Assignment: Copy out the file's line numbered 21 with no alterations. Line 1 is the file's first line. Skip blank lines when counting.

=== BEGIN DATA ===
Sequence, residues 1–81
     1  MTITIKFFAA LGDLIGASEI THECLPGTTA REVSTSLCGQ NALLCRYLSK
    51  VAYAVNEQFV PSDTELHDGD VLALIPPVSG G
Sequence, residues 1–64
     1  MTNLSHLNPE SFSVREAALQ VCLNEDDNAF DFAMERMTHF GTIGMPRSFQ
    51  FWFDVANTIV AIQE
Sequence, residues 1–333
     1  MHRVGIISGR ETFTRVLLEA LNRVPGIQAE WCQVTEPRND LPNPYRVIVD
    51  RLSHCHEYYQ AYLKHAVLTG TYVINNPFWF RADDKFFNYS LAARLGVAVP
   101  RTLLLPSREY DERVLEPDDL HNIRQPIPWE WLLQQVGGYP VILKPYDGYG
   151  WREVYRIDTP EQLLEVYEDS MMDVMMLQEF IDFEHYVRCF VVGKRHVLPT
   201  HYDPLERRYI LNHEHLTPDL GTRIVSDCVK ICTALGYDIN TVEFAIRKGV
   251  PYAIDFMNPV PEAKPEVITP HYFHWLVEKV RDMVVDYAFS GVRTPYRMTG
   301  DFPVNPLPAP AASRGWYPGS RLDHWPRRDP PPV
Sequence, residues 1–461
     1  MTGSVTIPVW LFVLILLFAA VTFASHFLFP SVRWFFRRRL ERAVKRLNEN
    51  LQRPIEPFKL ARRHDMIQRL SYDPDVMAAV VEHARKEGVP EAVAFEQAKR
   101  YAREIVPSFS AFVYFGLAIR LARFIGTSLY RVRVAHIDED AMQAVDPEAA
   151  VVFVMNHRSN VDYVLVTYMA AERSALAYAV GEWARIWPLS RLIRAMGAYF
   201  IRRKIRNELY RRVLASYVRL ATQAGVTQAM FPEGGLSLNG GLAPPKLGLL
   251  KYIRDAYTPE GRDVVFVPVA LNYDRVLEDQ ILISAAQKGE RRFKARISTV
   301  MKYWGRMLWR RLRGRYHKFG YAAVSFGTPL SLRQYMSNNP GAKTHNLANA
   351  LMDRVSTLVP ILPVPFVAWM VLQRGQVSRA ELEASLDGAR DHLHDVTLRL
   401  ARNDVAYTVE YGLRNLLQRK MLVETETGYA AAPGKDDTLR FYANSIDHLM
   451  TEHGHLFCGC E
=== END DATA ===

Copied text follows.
   251  KYIRDAYTPE GRDVVFVPVA LNYDRVLEDQ ILISAAQKGE RRFKARISTV